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(LEAD) U.S. eyes more missile defense ties with S. Korea

2014/05/29 04:18

By Lee Chi-dong

WASHINGTON, May 28 (Yonhap) -- The United States will continue to push for closer cooperation with South Korea and other regional allies to counter North Korea's ballistic missile threats, a senior Pentagon official said Wednesday amid widespread speculation that Washington is pressing Seoul to do more in the regional missile defense system.

"We're encouraging our allies and partners to acquire their own missile defenses and to strengthen regional missile defense cooperation that will result in better performance than individual countries acting alone," Adm. James A. Winnefeld, vice chairman of the Joints Chief of Staff, said in a speech at Atlantic Council here.

He emphasized the seriousness of North Korea's missile capability and the need to bolster a defense posture.

"We're not betting on Dennis Rodman as our deterrent against a further North Korean ICBM threat," he said. "The cornerstone of our security and diplomacy has been our strong bilateral alliances with South Korea, Japan, and Australia. Going forward, we will continue to emphasize the importance of developing regional ballistic missile defense systems."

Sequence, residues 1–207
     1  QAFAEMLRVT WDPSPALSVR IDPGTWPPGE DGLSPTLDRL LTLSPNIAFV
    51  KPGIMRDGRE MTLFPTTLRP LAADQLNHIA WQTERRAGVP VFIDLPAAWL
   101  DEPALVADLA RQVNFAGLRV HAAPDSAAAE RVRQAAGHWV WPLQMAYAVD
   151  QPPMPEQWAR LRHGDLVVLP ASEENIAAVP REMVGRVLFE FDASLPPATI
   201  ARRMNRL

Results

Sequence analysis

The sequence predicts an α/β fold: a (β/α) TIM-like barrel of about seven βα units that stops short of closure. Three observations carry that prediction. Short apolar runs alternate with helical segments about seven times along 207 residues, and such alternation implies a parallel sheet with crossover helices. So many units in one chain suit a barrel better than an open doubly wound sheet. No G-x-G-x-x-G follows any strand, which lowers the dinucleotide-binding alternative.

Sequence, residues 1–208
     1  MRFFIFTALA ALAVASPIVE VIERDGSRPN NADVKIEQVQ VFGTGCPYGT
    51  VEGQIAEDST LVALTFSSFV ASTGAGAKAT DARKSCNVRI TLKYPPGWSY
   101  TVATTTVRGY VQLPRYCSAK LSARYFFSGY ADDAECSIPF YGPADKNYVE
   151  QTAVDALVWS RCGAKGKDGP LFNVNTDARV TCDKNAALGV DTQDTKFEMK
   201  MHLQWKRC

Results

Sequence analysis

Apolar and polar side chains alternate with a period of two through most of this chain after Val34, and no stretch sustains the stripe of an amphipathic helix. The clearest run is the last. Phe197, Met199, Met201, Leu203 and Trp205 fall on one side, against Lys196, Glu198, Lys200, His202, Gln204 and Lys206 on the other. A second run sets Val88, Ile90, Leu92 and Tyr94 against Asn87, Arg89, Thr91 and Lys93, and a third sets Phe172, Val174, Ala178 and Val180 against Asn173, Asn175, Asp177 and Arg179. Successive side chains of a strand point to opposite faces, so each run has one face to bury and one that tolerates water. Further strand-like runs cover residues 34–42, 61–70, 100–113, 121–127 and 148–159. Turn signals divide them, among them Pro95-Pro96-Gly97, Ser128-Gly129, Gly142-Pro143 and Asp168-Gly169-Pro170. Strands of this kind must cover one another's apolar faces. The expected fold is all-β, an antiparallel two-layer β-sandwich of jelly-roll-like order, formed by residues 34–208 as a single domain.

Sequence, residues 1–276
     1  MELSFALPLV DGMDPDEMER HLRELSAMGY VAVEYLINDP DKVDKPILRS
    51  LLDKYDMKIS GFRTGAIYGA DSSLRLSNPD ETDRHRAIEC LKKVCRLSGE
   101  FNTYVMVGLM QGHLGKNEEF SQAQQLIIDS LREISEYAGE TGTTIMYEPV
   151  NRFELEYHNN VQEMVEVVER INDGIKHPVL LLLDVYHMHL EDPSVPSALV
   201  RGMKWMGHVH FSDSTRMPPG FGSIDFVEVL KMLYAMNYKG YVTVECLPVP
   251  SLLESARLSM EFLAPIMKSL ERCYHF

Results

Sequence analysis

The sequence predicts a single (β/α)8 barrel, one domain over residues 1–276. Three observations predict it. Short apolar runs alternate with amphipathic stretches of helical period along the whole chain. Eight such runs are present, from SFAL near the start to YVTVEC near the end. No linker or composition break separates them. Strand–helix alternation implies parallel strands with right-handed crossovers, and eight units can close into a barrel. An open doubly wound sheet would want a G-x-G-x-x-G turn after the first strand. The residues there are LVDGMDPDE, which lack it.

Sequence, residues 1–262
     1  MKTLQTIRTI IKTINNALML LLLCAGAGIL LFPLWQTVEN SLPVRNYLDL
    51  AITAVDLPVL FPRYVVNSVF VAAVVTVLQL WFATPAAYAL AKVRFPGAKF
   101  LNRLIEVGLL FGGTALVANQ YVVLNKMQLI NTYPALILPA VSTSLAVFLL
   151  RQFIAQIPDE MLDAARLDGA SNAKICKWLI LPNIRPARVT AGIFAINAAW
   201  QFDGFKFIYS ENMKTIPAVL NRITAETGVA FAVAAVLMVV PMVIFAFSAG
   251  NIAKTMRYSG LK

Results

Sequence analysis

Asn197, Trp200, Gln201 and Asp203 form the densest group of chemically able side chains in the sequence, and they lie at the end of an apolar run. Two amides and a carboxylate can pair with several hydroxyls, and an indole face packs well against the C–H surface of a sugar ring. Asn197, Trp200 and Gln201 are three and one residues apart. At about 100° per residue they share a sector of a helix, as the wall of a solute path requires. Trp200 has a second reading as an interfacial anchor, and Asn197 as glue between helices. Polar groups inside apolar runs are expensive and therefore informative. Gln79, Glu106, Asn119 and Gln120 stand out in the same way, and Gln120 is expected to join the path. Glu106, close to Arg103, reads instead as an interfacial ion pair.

His comments came as South Korean officials say Seoul has no plans to formally join the Washington-led missile defense network.

They prefer the word "interoperable" to "integrated."

   South Korea is developing its own air and missile defense system.

But the U.S. is considering deploying advanced missile defense equipment to Korea, according to a news report.

The U.S. has conducted a site survey in South Korea for possible locations for a Terminal High-Altitude Area Defense (THAAD) battery, but no final decisions have been made to deploy the system, the Wall Street Journal quoted unidentified officials as saying.

Deploying a THAAD system to South Korea could represent an important incentive for Seoul to cooperate more fully with the U.S. and Japan in a planned regional missile defense system, added the newspaper.

In response to North Korea missile threats last year, the U.S. sent a THAAD battery to Guam.

"There it remains, readily deployable if necessary to somewhere else in the world if needed, but in the meantime defending U.S. soil from potential threats," the admiral said.




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